|Title: Computational Phenotyping using Tensor Factorization and Tensor Network|
|Seminar: Computer Science|
|Speaker: Dr. Jimeng Sun of Georgia Institute of Technology|
|Contact: Li Xiong, firstname.lastname@example.org|
|Date: 2016-04-22 at 3:00PM|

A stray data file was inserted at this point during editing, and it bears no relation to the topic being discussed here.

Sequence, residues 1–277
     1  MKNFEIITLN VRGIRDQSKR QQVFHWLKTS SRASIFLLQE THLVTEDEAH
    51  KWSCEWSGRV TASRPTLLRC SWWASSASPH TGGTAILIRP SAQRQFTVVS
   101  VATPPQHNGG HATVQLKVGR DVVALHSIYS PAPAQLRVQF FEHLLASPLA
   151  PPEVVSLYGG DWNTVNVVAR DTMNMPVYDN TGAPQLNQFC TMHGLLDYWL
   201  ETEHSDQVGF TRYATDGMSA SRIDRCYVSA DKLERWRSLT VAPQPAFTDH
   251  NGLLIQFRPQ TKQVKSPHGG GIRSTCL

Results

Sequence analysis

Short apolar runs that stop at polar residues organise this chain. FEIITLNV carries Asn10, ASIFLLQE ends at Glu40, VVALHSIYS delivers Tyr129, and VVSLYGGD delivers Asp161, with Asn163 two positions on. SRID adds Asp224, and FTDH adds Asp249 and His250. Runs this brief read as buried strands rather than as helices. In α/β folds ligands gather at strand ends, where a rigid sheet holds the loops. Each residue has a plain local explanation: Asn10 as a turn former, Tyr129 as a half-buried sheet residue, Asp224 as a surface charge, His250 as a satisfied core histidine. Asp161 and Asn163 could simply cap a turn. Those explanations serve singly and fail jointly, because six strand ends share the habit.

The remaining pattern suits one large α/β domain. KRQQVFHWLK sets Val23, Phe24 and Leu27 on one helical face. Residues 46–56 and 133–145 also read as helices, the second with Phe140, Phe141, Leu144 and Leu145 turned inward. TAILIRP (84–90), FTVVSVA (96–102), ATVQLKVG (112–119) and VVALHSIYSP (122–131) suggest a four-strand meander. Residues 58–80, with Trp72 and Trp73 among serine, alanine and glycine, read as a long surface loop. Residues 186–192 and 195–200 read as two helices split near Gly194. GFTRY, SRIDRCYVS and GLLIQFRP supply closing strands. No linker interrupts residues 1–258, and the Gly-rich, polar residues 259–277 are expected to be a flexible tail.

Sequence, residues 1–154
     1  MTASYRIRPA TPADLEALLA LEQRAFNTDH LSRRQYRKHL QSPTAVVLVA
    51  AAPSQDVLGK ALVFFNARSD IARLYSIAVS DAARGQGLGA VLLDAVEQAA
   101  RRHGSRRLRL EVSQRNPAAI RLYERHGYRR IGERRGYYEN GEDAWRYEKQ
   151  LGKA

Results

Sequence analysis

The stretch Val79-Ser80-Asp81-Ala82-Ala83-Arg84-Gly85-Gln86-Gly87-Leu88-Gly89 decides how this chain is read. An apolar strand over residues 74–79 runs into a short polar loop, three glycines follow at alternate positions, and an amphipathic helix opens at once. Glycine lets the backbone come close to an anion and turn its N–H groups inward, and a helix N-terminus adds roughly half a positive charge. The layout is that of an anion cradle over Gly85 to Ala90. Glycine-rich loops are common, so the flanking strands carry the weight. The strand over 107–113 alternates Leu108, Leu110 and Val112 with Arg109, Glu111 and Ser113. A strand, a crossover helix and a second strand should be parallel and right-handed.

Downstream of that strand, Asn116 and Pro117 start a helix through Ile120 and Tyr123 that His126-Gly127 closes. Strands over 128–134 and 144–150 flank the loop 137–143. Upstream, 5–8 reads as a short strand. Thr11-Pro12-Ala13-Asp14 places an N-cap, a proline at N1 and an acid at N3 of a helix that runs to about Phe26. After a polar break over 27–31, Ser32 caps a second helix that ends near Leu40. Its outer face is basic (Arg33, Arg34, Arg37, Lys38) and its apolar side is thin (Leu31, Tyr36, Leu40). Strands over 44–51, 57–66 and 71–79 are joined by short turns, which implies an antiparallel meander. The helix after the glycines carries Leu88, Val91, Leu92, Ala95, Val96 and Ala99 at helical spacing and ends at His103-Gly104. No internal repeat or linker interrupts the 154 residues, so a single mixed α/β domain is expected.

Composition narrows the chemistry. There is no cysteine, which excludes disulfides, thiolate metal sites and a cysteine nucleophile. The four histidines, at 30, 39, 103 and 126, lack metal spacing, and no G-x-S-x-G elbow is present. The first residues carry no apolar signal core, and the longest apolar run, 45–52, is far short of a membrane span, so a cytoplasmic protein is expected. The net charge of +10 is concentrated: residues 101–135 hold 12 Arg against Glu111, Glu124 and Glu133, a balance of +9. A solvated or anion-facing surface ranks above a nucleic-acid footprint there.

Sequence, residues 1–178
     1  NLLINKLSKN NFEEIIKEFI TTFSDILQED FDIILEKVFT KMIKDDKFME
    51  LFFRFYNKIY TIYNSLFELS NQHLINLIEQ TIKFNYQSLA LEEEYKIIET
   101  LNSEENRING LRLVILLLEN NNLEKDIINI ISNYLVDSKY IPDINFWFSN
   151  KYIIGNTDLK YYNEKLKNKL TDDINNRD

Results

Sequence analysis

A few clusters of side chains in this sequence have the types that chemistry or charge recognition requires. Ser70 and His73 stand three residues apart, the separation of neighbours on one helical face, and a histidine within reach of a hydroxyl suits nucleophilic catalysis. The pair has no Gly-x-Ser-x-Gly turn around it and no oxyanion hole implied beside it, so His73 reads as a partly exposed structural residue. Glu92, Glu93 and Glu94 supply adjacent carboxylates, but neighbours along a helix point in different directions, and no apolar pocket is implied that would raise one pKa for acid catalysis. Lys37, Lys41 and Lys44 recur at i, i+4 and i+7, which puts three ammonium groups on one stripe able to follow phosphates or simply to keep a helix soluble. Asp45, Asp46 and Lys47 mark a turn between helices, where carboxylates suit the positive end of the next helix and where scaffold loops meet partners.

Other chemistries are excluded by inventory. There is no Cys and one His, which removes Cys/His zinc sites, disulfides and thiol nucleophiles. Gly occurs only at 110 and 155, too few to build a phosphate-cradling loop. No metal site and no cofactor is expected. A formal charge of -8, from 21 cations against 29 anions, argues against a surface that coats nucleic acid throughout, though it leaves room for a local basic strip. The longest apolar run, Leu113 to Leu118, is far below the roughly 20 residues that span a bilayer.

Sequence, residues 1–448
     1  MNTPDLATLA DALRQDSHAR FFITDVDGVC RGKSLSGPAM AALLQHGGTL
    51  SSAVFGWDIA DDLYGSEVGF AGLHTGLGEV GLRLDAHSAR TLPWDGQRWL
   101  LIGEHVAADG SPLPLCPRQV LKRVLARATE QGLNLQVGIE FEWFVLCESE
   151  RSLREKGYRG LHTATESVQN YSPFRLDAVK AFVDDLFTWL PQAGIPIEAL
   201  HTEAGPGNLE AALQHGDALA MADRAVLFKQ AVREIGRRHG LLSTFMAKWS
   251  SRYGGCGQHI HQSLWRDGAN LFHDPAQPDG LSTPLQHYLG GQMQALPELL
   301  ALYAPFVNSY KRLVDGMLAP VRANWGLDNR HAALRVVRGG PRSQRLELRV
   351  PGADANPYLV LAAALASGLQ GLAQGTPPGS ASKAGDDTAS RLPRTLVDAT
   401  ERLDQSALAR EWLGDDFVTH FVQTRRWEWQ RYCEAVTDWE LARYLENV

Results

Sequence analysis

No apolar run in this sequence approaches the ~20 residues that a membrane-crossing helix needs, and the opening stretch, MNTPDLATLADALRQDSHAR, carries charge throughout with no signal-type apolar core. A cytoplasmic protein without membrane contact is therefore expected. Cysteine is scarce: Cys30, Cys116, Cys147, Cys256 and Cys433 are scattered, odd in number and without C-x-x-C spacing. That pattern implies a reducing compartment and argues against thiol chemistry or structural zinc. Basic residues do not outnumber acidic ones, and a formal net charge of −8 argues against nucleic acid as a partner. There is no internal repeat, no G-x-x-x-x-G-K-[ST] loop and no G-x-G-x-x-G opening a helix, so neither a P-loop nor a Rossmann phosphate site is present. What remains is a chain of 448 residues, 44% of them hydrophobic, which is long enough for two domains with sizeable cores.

Computational phenotyping is the process of converting heterogeneous electronic health records (EHRs) into meaningful clinical concepts (phenotypes). Tensor factorization has been shown as a successful unsupervised approach for discovering phenotypes. However, tensor methods have some major limitations for phenotyping: 1) unable to incorporate existing medical knowledge; 2) fail to handle high-order tensors (e.g., order > 5) . We will talk about two of our recent developments in addressing these challenges: First, we proposed Rubik, a constrained non-negative tensor factorization and completion method for phenotyping. Rubik incorporates 1) guidance constraints to align with existing medical knowledge, and 2) pairwise constraints for obtaining distinct, non-overlapping phenotypes. Rubik also has built-in tensor completion that can significantly alleviate the impact of noisy and missing data. We evaluate Rubik on two large EHR datasets. Our results show that Rubik can discover more meaningful and distinct phenotypes than the baselines. Second, we extended a theoretical framework called tensor networks for analyzing high-order tensors. We developed an efficient sparse hierarchical Tucker model (Sparse H-Tucker) for finding interpretable tree-structured factorizations from sparse high-order tensor. Sparse H-Tucker scales nearly linearly in the number of non-zero tensor elements. We applied Sparse H-Tucker on a real EHR dataset for learning a disease hierarchy. The resulting tree structure provides an interpretable disease hierarchy, which is confirmed by a clinical expert. Bio Jimeng Sun is an Associate Professor of School of Computational Science and Engineering at College of Computing in Georgia Institute of Technology. Prior to joining Georgia Tech, he was a research staff member at IBM TJ Watson Research Center. His research focuses on health analytics using electronic health records and data mining, especially in designing novel tensor analysis and similarity learning methods and developing large-scale predictive modeling systems. He has published over 80 papers, filed over 20 patents (5 granted). He has received ICDM best research paper award in 2008, SDM best research paper award in 2007, and KDD Dissertation runner-up award in 2008. Dr. Sun received his B.S. and M.Phil. in Computer Science from Hong Kong University of Science and Technology in 2002 and 2003, and PhD in Computer Science from Carnegie Mellon University in 2007.
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